By BILL WICKERSHAM
Recently, Professor Paul Springer of the U.S. Air Command and Staff College at Maxwell Air Force Base in Alabama was a guest on an Australian talk show titled “U.S. Military Making Plans for an Alien Invasion.” Springer, a former professor at the U.S. Military Academy at West Point who has a doctorate in military history from Texas A&M University, said his superiors had authorized him to discuss Pentagon plans to counter an alien invasion.
During the interview, Springer was asked, “What do you think would be the alien plan? What would they do first?” He replied: “That really depends on why they are here in the first place. If they are here for extraction of a specific resource, for example, they might just want to eliminate any resistance that might block them from their objective. If, on the other hand, their goal was actual occupation and conquest, then they would probably have to prioritize anything they perceived as a threat to their own dominance. So they would probably start by wiping out as many communications networks as possible and eliminating as many weapons that might represent some form of threat whether to them or to the resources they are trying to extract. So they might very well want to counter every nuclear weapon, not because it represented a threat to them but because it might destroy whatever they’re here to collect.”
In commenting on Springer’s quote, Michael Salla, founder of the Honolulu-based Exopolitics Institute, noted it has been documented for more than 60 years that UFOs have been observing U.S. nuclear weapons facilities and, in some cases, have disrupted their launch capability. U.S. Air Force spokespeople have for many years declared no intrusions by crafts of unknown origin that have been reported, investigated or evaluated ever threatened U.S. national security. That declaration has been made despite the fact several former U.S. missile launch officers and support personnel have testified otherwise.
Springer’s television interview brings to mind the longtime artificial alien invasion warnings put forth by Carol Rosin, former aerospace executive with Fairchild Industries who worked as a special assistant to U.S. space czar Wernher von Braun during the final two years of his life when he was suffering from kidney cancer. Concerning a possible alien invasion hoax, Rosin said: “The strategy that Wernher von Braun taught me was that first the Russians are going to be considered to be the enemy. In fact, in 1974, they were the enemy, the identified enemy. We were told that they had ‘killer satellites.’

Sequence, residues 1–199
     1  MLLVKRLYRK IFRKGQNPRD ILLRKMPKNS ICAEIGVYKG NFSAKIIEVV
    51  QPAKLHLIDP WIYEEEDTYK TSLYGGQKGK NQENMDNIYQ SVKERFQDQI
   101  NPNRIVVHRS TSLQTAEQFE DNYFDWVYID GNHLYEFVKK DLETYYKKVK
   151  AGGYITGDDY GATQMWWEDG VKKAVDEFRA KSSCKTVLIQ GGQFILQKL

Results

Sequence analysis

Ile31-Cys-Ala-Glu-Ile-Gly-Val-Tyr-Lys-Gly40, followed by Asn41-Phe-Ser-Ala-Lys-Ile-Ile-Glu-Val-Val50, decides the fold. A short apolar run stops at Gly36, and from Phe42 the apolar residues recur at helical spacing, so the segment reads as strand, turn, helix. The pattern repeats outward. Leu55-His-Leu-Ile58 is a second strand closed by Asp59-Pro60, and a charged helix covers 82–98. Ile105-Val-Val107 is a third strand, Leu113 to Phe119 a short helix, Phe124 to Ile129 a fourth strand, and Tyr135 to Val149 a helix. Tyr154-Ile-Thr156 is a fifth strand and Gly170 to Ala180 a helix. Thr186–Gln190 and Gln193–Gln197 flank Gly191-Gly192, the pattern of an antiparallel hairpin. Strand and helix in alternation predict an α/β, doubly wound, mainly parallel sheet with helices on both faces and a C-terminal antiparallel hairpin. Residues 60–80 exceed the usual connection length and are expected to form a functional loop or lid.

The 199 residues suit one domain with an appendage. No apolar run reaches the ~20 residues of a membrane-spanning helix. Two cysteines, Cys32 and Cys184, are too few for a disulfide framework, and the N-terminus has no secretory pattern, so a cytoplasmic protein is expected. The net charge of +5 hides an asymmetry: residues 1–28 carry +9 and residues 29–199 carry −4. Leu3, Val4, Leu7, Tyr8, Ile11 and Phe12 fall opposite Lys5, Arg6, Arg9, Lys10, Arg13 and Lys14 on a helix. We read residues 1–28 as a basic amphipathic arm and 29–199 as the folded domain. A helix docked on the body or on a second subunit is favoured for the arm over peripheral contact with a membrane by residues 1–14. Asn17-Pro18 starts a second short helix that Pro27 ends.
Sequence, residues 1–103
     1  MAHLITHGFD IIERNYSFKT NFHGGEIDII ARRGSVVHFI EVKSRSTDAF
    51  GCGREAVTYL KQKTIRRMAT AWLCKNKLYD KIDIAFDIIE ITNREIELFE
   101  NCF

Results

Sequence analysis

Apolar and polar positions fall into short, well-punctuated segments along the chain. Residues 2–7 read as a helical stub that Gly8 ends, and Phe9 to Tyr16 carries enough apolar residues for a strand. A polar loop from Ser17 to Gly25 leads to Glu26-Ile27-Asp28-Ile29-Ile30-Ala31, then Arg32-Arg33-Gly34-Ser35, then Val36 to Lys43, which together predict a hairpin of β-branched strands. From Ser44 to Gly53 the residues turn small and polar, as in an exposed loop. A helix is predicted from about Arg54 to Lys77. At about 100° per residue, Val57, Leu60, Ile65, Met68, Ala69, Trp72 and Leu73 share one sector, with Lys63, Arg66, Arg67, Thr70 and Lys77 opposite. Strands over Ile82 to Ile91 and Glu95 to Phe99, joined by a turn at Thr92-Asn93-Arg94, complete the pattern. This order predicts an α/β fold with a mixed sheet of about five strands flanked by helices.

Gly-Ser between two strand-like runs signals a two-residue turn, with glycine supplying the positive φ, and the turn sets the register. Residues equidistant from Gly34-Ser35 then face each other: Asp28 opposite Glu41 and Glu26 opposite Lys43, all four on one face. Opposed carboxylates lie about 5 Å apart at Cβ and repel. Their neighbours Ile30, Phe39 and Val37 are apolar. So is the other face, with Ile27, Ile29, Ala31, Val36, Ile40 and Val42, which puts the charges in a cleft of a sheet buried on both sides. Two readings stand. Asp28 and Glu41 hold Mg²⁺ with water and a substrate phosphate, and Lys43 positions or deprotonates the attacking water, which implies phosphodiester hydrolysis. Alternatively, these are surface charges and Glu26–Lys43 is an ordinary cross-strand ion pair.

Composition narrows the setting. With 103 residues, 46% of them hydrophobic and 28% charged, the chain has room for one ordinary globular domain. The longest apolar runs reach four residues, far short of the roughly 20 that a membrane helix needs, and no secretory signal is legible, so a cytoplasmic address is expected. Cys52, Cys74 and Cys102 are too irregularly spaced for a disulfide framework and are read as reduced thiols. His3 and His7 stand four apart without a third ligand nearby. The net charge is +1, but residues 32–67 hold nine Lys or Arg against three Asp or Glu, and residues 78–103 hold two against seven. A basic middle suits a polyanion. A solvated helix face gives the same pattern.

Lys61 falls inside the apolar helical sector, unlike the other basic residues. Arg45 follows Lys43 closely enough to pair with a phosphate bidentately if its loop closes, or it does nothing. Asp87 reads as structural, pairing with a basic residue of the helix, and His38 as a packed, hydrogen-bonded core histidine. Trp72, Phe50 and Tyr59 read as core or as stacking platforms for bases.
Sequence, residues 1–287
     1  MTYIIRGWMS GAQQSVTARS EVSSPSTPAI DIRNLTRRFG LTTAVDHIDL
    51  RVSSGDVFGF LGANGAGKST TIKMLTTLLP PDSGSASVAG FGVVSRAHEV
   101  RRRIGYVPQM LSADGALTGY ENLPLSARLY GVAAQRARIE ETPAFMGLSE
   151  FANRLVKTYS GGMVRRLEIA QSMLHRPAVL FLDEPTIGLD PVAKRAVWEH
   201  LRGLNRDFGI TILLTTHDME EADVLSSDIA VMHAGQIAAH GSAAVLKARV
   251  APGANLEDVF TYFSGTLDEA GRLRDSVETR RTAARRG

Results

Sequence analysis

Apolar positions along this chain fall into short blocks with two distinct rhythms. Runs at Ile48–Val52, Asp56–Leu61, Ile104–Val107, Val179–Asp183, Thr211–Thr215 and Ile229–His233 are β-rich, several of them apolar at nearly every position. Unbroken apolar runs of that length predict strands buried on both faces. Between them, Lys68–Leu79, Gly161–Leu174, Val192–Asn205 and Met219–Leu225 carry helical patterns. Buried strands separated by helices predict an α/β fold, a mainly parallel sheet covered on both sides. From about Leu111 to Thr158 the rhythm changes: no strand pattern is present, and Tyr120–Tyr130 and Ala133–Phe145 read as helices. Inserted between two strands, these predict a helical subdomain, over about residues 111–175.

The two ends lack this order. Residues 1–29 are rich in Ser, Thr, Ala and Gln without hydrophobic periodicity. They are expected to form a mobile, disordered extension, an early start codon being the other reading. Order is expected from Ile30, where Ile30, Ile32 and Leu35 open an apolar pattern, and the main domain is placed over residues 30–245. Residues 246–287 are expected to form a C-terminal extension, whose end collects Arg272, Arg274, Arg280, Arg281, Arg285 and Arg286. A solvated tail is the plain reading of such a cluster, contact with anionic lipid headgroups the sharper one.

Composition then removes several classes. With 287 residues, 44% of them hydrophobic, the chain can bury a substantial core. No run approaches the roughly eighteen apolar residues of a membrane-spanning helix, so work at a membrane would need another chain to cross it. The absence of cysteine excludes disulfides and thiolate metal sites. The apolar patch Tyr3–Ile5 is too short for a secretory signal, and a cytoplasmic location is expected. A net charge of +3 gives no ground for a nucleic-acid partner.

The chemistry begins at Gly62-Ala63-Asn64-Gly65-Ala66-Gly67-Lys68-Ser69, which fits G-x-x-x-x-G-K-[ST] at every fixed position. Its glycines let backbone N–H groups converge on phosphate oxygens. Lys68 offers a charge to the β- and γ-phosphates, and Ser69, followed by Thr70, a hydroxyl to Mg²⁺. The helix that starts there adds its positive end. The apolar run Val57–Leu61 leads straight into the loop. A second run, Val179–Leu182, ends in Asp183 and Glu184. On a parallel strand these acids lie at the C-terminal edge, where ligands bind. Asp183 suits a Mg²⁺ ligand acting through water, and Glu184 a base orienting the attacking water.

“We were then told that they were coming to get us and control us — that they were ‘commies.’ … Then terrorists would be identified. Then we were going to identify Third World-country ‘crazies.’ We now call them ‘nations of concern.’ But he said that would be the third enemy against whom we would build space-based missiles.
“The next enemy was asteroids. Now, at this point, he kind of chuckled the first time he said it. Asteroids — against asteroids we are going to build space-based weapons.
“And the funniest one of all was what he called aliens, extraterrestrials. That would be the final scare. And over and over and over during the four years that I knew him and was giving speeches for him, he would bring up the last card.”
Several analysts have interpreted Springer’s statement as a similar “false flag” hoax aimed at gaining public support for increased expenditures for additional exotic “Star Wars” weapons systems. Others interpret his announcement as a “news embargo leakage” tactic that will help lessen the shock of eventual full U.S. government disclosure of the meanings of the UFO presence and the extraterrestrial hypothesis that has been supported at the 90 percent level of confidence by French scientists and other students of the issue, such as former U.S. astronaut Edgar Mitchell.
Given the well-documented government campaigns of misinformation and disinformation since the late 1940s, it is truly difficult to separate truth from falsehood.
As Stanford University space sciences and astrophysics Professor Peter Sturrock said: “The definitive resolution of the UFO enigma will not come about unless and until the problem is subjected to open and extensive scientific study by the normal procedures of established science and administration of universities.”
In contrast to the alien-enemy scenario put forth by Springer, numerous UFO researchers and other analysts have taken a more positive approach to relations with the “Visiting Others.” One example is a proposed international-cosmic treaty known as The Outer Space Security and Development Treaty of 2011 crafted by Rosin, Mitchell and retired U.S. naval intelligence officer Scott Jones.
For those who would like additional information from generals, pilots, scientists and government officials, simply Google: “Out of the Blue UFO Documentary — You Tube.” The introduction by Mitchell is itself worth the effort.